• Voice assistants and chatbots: As voice and AI technologies have leapt forward, the opportunities to leverage AI-driven chatbots and voice assistants has increased dramatically. Much experimentation is underway in insurance.
  • Smart documents: Documents in many forms will continue to play a major role in communicating information to prospects, producers and policyholders. Rethinking those documents from a customer perspective and making them interactive and parametric provide great opportunities for the industry.
  • Augmented/virtual reality: Although a bit further out in terms of adoption and implications for insurance, there are already pilots and projects underway in the industry.

See also: How Customers Buy… and Why They Don’t  

The way the world communicates is rapidly changing, and everyone has their favorite options. Insurers would be wise to consider these in their customer journey and omni-channel strategies and plans.

4 Ways Connectivity Is Revolutionary

The Internet of Things (IoT) is predicted to support more than 20 billion devices by 2020, according to Gartner. This is a market that covers 60% of consumers worldwide, creating huge opportunities for industries to connect and engage with their customers.

Connecting with consumers hasn’t always been easy. Contact typically took place at points of sale, during claims and during renewal periods. Now, with the use of wearables, smart homes and telematics, insurers are connecting with customers on a continual basis and providing valuable feedback – and prices – based on activity levels. The business of insurance is complex, with core factors such as risk evaluation, long-term contracts and unpredictable settlements. However, the benefits of insurtech and the unlimited availability of new sources of data that can be exploited in real time have fundamentally altered how consumers interact with their insurance providers.

IoT devices are helping consumers and insurers get smarter with each passing day as these technologies bring promising results in helping insurers reshape how they assess, price and limit risks and enhance customer experience.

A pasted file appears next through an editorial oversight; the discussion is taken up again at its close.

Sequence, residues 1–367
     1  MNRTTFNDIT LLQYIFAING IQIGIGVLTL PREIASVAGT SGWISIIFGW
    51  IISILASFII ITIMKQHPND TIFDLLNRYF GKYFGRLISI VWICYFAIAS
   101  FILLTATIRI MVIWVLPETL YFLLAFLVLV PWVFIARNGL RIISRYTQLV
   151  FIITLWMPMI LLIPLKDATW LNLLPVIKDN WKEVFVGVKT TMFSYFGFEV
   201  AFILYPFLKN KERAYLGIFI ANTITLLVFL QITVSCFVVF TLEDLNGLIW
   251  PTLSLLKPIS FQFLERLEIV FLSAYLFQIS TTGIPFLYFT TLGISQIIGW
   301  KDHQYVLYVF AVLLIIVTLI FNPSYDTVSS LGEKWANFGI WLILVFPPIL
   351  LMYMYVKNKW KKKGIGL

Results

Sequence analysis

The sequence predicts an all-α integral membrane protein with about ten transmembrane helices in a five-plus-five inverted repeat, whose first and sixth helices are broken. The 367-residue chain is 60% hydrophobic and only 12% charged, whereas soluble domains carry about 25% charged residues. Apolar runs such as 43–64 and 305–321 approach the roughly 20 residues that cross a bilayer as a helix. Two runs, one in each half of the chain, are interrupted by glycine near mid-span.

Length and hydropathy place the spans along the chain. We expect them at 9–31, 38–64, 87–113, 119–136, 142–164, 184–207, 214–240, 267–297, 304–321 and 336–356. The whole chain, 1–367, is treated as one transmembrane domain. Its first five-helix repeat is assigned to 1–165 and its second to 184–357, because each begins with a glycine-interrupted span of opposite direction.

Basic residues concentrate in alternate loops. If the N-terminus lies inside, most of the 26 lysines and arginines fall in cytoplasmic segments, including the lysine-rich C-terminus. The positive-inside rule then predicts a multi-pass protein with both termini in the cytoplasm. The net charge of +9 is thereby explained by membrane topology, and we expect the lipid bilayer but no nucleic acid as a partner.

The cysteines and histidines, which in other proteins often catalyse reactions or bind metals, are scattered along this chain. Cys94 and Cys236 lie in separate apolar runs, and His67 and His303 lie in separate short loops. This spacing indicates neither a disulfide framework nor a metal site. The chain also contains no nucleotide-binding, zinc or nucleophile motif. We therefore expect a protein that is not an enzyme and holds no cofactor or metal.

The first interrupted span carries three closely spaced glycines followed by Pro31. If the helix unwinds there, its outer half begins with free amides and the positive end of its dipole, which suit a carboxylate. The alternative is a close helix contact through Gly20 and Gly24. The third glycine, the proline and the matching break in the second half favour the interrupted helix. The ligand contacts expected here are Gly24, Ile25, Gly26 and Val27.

See also: Industry 4.0: What It Means for Insurance  

Connectivity and Opportunities

Numerous technologies have shown how improved connectivity can generate opportunities in the insurance industry beyond personalized premium rates. If implemented properly, IoT applications could possibly boost the industry’s customarily low growth rates. It may help insurers break free from traditional product marketing and competition primarily based on price to shift toward customer service and differentiation in coverage.

Several technology trends that are increasing connectivity in insurance include:

Extended Reality (XR) — XR technologies are altering the way consumers connect with society, information and each other. Extended reality is achieved through virtual reality (VR) and augmented reality (AR), which aim to “relocate” people in time and space. Eighty-five percent of insurance executives in Accenture’s Technology Vision 2018 survey believe it is important to leverage XR solutions to close the gap of physical distance when engaging with employees and customers.

Wearable Sensors — Reports indicate that the average consumer now owns 3.6 wearable devices. These technologies can mitigate claims fraud and also transmit real-time data to warn the insured of possible dangers. For example, socks and shoes with IoT apps can alert diabetics on possible odd joint angles, foot ulcers and excessive pressure, thus helping in avoiding costly disability and medical claims and even worst-case scenarios such as life-changing amputations.

Commercial Infrastructure and Smart Home Sensors — These sensors can be embedded in commercial and private buildings to help in monitoring, detecting and preventing or mitigating safety breaches such as toxic fumes, pipe leakage, fire, smoke and mold. This increases the possibility of saving insurers from large claims and homeowners from substantial inconveniences such as lost property or valuables. Savings can be passed to insureds who use these sensors.

Usage-Based Insurance (UBI) Model — Cellular machine-to-machine (M2M) connectivity and telematics link drivers and automobiles in entirely new ways. Traditionally, auto insurance has relied on broad demographic features such as gender and the driver’s age, plus a credit score, to set premiums. Now, through IoT devices, insurers can not only offer reward-based premiums but can provide a connected car experience to customers with feedback on weather, traffic conditions or driving habits.

See also: 3 Ways to an Easier Digital Transformation  

Strategy will play an important role in connectivity as insurance carriers transform legacy core systems into digital platforms that support deeper connectivity with their customers. This strategy must address a carrier’s ability to handle, process and analyze the new types of data that will emerge from the use of these technologies. Artificial intelligence will also have a big impact.

According to a recent study, 80% of insurance customers are happier and more content when they can connect with their insurance providers through various channels such as phone, emails, smartphone apps and online. Through the use of the IoT and connected devices, insurers will improve customer experience by shifting from reaction after an event has occurred to preventing losses digitally.